At three-and-a-half years old, Maya* is an absolute delight. Wearing polka dot rain boots, she splashes in parking lot puddles, her ringlets bouncing, and a smile of sheer joy spreads across her face. Before the day’s end I am in awe of her thoughtfulness, creativity, logic, and imagination.
“Good job!” I tell her almost continuously, sometimes from a place of true amazement but other times simply out of habit. On the third day of my visit, one of Maya’s moms teases me, “G-o-o-d j-o-b,” she says, spelling out the phrase like she does for not-approved-for-children words. Gently, she asks me, “Have you noticed that we don’t tell Maya ‘Good job’?” No, I hadn’t noticed. She explains that they don’t use this phrase because it is results-oriented rather than process-oriented. At first, this is tough for me to wrap my head around. Isn’t saying “Good job” encouraging? Isn’t positive reinforcement, well, positive?
In the realm of Christian parenting, parents know that they are called to love their children unconditionally and that in doing so, they mirror the unconditional love that God demonstrates toward us. In the article “Five Reasons to Stop Saying ‘Good Job!’” author Alfie Kohn also identifies the necessity of loving and supporting children unconditionally. The fundamental problem with the phrase “Good job!” then, is that it is conditional. It sends the wrong message.
Maya’s moms might explain their parenting philosophy like this: Maya’s worth is not measured by what makes us pleased; her value is simply and solely based on the fact that she is our daughter. We don’t want to control or manipulate her in order to get her to comply with our wishes (even if that is what’s best for her), we want to engage her in conversation and strengthen our relationship with her. We will not burden her with the pressure of “keeping up the good work” but rather will seek to reassure her that there is nothing she can do to make us love her more and nothing she can do to make us love her less.
Just as Maya’s moms love their daughter unconditionally, my parents also loved me unconditionally. However, they had a different parenting philosophy. When I was little, my dad gave me my fair share of spankings and time-outs, which mostly taught me that obedience was presumed. Despite having inherited his stubbornness, I eventually started to be on my best behavior the majority of the time. Throughout elementary school, we went to family camp for a week each summer. I remember how my dad was my number one cheerleader shouting “Good job!” when I made it to the top of the rock climbing wall. I knew he was proud of me. As far as grades were concerned, my parents always said that the grades didn’t matter as long as I did my best. It was rare that I didn’t get an A. Like all parents, mine had both strengths and weaknesses. Looking back on my childhood, I now realize that much of my upbringing was performance based. Nevertheless, I was confident and secure in my parents’ tremendous love for me. Because they loved me through all the mistakes I made and introduced me to Jesus, at a young age I knew both conceptually and experientially that God loved me unconditionally too.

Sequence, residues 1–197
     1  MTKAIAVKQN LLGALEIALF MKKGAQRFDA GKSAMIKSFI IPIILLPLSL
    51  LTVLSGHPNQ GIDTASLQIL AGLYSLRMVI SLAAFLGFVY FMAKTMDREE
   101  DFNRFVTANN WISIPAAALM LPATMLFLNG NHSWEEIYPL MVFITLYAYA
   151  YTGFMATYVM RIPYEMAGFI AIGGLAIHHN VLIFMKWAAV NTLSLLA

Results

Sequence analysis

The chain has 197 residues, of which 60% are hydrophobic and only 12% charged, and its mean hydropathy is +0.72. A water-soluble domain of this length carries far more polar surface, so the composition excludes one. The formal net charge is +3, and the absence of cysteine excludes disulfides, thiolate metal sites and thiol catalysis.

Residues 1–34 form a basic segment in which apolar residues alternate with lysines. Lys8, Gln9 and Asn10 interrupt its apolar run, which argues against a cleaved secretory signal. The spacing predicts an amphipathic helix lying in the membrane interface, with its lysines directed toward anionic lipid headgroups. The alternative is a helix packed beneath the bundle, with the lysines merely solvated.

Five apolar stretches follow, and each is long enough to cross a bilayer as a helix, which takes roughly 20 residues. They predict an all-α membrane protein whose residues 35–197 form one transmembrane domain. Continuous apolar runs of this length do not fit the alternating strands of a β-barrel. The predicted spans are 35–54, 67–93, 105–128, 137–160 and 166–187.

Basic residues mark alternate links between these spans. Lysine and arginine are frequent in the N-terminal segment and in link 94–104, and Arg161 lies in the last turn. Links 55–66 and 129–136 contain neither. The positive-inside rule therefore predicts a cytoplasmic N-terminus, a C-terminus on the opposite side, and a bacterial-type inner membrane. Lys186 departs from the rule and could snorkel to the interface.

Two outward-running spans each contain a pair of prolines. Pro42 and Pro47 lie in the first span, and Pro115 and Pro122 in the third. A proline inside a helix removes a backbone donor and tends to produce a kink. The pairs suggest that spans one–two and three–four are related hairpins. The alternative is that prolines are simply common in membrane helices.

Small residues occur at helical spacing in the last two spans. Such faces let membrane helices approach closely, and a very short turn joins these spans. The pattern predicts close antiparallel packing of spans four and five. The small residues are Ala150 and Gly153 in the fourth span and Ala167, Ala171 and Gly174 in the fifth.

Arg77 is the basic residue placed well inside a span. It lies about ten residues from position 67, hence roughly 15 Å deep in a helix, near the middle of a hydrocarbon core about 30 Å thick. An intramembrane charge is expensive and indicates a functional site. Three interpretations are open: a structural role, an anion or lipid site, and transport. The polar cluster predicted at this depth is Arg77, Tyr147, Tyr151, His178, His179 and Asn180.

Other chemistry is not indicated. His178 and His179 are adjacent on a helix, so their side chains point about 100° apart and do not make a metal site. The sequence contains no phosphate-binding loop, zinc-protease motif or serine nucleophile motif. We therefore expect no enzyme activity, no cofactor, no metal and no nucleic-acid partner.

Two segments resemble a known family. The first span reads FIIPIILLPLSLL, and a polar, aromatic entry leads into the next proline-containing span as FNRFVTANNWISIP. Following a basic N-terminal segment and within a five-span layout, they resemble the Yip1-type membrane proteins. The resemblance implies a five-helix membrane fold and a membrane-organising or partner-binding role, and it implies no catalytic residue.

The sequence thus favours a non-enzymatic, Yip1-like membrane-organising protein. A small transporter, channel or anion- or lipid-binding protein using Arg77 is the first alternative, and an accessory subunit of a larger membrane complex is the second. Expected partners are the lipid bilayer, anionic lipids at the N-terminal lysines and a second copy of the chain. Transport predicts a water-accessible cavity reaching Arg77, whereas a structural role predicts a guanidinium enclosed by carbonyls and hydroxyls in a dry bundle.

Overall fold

Even though Maya’s moms aren’t Christians, in some ways she is still benefiting from godly parenting. I imagine God explaining to Maya how He feels about her (and about each of us): Your value is simply and solely based on the fact that you are my child. Your worth is not measured by what makes me pleased. I do not want to control or manipulate you in order to get you to comply with my wishes (even if that is what’s best for you). I want to engage you in conversation and strengthen our relationship. I will not burden you with the pressure of “keeping up the good work” but rather will seek to reassure you that there is nothing you can do to make me love you more and nothing you can do to make me love you less.
Does that sound familiar? It is the same message that Maya’s moms are sending her by encouraging her with phrases other than “good job.”
Before Jesus even began his public ministry, God declared over him, “This is my Son, whom I love; with him I am well pleased.” (Matt 3:17). Jesus hadn’t even done anything yet! But God is pleased with the relationship – Jesus as his son. We too are invited into this relationship; God longs to embrace us as his sons and daughters. Of course, just like children, we need guidance, and as Maya’s moms have discovered, it is impossible to entirely avoid value judgments. That being said, before any list of commandments is spelled out in the Bible, God always first reminds us of who we are – chosen and beloved children. It is this relationship, this identity, that is a Christian’s foundation.
Without expressing it in any religious terms, Maya’s moms are showing her the kind of unconditional love God has for her. Thankfully, God graciously reveals Himself through any who will be open to let that kind of love flow through them, not just through the lives of those who wear the label “Christian.”
SHANNON CASEY is an intermittent writer, traveler, photographer, and musician. She blogs at Reconstructivist. Her current day job entails pursuing a master’s degree in Physician Assistant Studies at the University of St. Francis in Albuquerque, NM.
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